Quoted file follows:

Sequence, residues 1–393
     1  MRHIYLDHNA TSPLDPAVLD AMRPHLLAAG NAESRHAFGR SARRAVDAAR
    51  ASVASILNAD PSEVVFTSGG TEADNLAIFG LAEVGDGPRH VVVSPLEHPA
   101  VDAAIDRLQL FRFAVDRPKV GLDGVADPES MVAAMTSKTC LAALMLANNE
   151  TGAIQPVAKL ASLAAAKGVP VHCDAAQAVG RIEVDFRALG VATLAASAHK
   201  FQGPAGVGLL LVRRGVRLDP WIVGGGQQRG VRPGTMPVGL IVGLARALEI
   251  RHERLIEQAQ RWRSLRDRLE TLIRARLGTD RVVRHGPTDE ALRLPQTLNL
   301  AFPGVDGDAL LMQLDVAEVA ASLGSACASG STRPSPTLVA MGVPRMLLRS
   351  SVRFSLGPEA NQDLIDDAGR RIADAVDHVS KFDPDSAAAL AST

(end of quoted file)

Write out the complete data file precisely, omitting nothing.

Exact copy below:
Sequence, residues 1–393
     1  MRHIYLDHNA TSPLDPAVLD AMRPHLLAAG NAESRHAFGR SARRAVDAAR
    51  ASVASILNAD PSEVVFTSGG TEADNLAIFG LAEVGDGPRH VVVSPLEHPA
   101  VDAAIDRLQL FRFAVDRPKV GLDGVADPES MVAAMTSKTC LAALMLANNE
   151  TGAIQPVAKL ASLAAAKGVP VHCDAAQAVG RIEVDFRALG VATLAASAHK
   201  FQGPAGVGLL LVRRGVRLDP WIVGGGQQRG VRPGTMPVGL IVGLARALEI
   251  RHERLIEQAQ RWRSLRDRLE TLIRARLGTD RVVRHGPTDE ALRLPQTLNL
   301  AFPGVDGDAL LMQLDVAEVA ASLGSACASG STRPSPTLVA MGVPRMLLRS
   351  SVRFSLGPEA NQDLIDDAGR RIADAVDHVS KFDPDSAAAL AST